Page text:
Surely, the wars in Syria and Iraq have been greatly exacerbated by Saudi interventions driven by Riyadh’s geopolitical antagonism with Iran.
The recent overture from Tehran for dialogue with Saudi Arabia seems magnanimous in the aftermath of the terror attack in Iran’s southwest city of Ahvaz last month, when 29 people were killed after militants opened fire on a military parade. Iran accused Saudi Arabia of having a hand in the atrocity by lending support to Arab separatists who carried it out. Saudi Arabia denied any involvement.
Over a year ago, another terror attack in Tehran left 12 dead when gunmen shot up the parliament building and the mausoleum dedicated to the late Supreme Leader Ayatollah Ruhollah Khomeini.
That assault followed provocative comments made by the Saudi heir to the throne, Crown Prince Mohammed bin Salman, in which he vowed to “take the battle into Iran”.
Regrettably, a rapprochement between Iran and Saudi Arabia is highly unlikely, despite the good sense for the region and in spite of Iran’s willingness to engage.
Apart from bringing peace and stability, one potential benefit would be that the Muslim nations are empowered to speak with one voice in support of Palestinian national rights. Part of the reason why Israel is emboldened to continually frustrate Palestinian aspirations for statehood is the lack of unity among Muslim states due to the Saudi-Iranian antagonism.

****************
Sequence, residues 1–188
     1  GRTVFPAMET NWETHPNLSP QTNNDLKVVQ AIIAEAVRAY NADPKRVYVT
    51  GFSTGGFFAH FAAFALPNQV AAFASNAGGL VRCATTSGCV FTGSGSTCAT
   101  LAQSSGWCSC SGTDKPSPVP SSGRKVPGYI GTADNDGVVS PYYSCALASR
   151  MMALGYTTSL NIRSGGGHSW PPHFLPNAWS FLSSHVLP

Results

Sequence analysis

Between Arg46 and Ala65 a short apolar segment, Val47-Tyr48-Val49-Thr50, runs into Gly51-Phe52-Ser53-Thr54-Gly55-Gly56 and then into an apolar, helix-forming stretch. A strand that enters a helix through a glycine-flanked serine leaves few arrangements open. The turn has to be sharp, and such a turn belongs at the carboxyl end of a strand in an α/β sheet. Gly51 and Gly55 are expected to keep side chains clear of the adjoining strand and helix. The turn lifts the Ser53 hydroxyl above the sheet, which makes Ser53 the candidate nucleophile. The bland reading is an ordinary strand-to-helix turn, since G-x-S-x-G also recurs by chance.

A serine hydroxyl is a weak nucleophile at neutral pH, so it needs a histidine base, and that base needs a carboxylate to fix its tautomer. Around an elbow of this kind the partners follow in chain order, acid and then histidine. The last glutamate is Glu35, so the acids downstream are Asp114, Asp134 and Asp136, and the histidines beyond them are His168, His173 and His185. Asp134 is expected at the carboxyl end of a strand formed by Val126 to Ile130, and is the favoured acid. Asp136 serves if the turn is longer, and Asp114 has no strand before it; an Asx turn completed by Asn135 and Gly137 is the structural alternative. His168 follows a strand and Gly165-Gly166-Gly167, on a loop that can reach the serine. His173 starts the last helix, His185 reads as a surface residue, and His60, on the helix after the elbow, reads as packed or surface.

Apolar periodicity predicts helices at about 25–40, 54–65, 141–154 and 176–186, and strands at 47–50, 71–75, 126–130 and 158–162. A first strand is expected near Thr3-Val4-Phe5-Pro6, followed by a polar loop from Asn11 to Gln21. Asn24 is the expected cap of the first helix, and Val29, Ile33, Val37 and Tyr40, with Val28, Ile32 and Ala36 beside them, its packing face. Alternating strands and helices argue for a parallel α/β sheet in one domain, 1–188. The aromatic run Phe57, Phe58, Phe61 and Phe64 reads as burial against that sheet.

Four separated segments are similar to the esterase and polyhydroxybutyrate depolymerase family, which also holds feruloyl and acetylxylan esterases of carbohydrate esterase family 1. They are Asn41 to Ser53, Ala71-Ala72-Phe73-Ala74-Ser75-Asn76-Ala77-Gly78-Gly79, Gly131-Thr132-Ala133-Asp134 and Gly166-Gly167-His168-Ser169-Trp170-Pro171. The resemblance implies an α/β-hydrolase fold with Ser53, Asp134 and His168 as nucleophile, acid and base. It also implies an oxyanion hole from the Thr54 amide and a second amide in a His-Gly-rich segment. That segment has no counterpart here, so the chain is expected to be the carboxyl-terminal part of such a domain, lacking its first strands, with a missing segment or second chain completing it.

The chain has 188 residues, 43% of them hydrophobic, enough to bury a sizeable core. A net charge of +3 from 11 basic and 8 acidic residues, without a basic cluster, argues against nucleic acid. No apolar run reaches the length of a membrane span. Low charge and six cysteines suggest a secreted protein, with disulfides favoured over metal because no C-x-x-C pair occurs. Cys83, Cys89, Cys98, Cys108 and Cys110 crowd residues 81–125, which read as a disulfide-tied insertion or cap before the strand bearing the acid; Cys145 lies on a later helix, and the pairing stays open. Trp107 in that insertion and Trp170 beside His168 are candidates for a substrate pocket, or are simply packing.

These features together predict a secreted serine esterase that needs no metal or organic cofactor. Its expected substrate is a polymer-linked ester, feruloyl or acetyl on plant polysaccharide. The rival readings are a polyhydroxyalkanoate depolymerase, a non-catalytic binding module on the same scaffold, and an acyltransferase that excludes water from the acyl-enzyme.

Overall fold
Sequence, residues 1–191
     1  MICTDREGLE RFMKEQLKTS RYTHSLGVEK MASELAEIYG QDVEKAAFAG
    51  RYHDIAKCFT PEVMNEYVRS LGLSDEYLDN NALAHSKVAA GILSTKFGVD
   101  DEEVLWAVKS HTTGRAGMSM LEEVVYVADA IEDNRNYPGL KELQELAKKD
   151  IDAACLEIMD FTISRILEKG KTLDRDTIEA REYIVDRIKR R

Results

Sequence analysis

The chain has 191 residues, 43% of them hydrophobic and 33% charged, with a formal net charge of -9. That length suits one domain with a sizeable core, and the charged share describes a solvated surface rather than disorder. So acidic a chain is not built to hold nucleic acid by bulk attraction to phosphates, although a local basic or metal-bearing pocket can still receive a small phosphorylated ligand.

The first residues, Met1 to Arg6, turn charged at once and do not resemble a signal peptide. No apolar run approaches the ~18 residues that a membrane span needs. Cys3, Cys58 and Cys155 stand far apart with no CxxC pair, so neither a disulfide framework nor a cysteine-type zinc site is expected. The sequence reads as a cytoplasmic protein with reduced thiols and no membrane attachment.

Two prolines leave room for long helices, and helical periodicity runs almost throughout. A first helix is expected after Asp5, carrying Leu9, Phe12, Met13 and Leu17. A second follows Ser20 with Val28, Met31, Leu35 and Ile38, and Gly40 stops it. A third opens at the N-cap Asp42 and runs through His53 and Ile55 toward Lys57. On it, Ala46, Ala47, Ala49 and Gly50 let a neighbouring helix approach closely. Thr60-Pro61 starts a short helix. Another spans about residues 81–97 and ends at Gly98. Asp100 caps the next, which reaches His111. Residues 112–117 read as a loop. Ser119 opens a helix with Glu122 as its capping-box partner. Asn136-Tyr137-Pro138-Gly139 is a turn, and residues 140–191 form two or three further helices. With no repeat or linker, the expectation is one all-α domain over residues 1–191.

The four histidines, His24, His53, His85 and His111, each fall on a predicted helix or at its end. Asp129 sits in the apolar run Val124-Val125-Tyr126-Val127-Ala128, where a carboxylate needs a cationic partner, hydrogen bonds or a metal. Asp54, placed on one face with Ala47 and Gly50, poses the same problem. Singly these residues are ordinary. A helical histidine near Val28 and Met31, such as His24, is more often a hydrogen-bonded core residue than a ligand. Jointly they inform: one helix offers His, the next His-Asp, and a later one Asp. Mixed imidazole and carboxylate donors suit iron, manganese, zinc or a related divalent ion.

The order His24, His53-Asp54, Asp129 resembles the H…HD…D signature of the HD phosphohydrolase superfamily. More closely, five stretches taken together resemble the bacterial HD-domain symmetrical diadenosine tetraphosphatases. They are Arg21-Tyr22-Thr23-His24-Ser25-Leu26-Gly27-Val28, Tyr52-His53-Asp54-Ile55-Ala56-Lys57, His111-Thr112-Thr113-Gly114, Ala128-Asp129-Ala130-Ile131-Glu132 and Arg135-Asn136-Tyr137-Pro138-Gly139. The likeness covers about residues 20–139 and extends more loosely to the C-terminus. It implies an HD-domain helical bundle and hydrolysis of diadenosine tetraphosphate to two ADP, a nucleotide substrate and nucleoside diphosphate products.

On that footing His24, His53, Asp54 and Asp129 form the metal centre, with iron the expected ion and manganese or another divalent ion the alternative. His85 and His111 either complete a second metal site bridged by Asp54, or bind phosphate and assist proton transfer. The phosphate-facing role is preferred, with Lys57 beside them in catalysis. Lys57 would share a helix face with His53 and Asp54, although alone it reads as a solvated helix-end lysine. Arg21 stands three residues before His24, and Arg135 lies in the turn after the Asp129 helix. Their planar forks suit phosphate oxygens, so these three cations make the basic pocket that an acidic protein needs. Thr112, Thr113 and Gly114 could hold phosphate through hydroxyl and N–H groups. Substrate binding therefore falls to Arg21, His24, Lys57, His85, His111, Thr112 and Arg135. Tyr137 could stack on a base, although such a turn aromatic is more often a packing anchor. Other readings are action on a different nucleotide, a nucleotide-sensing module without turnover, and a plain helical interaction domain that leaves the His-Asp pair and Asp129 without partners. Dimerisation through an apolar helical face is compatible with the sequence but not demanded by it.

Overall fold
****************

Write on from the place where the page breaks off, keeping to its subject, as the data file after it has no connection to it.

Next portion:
But, as noted, the chances of normalization between Iran and Saudi Arabia are slim, if not negligible.
It must be said the ideological disposition of Saudi rulers militates against mutual engagement. The fundamentalist Wahhabi religion at the core of Saudi state power is premised on an abiding hostility towards Shia Islam, the dominant form of Islam in Iran.
Saudi Wahhabism and related Salafism are extreme versions of the Sunni branch of Islam, which view Shia as “infidels” to be persecuted. This ideology is one factor in why the Saudi-sponsored jihadists in Syria and Iraq have acted with such brutality towards Shia and others whom they view as “non-believers”.
Saudi Arabia’s Crown Prince Mohammed has repeatedly ruled out any dialogue or possible detente with Iran. In several media interviews, he has made derogatory comments labelling Iran’s Supreme Leader Ayatollah Ali Khamenei as the Middle East’s “Hitler”.
The Saudi heir – and de facto leader at the young age of 33 – claimed that Iran wants to overthrow the House of Saud and impose its Shia religion over the Arabian Peninsula, usurping the Holy Mosques of Mecca and Medina.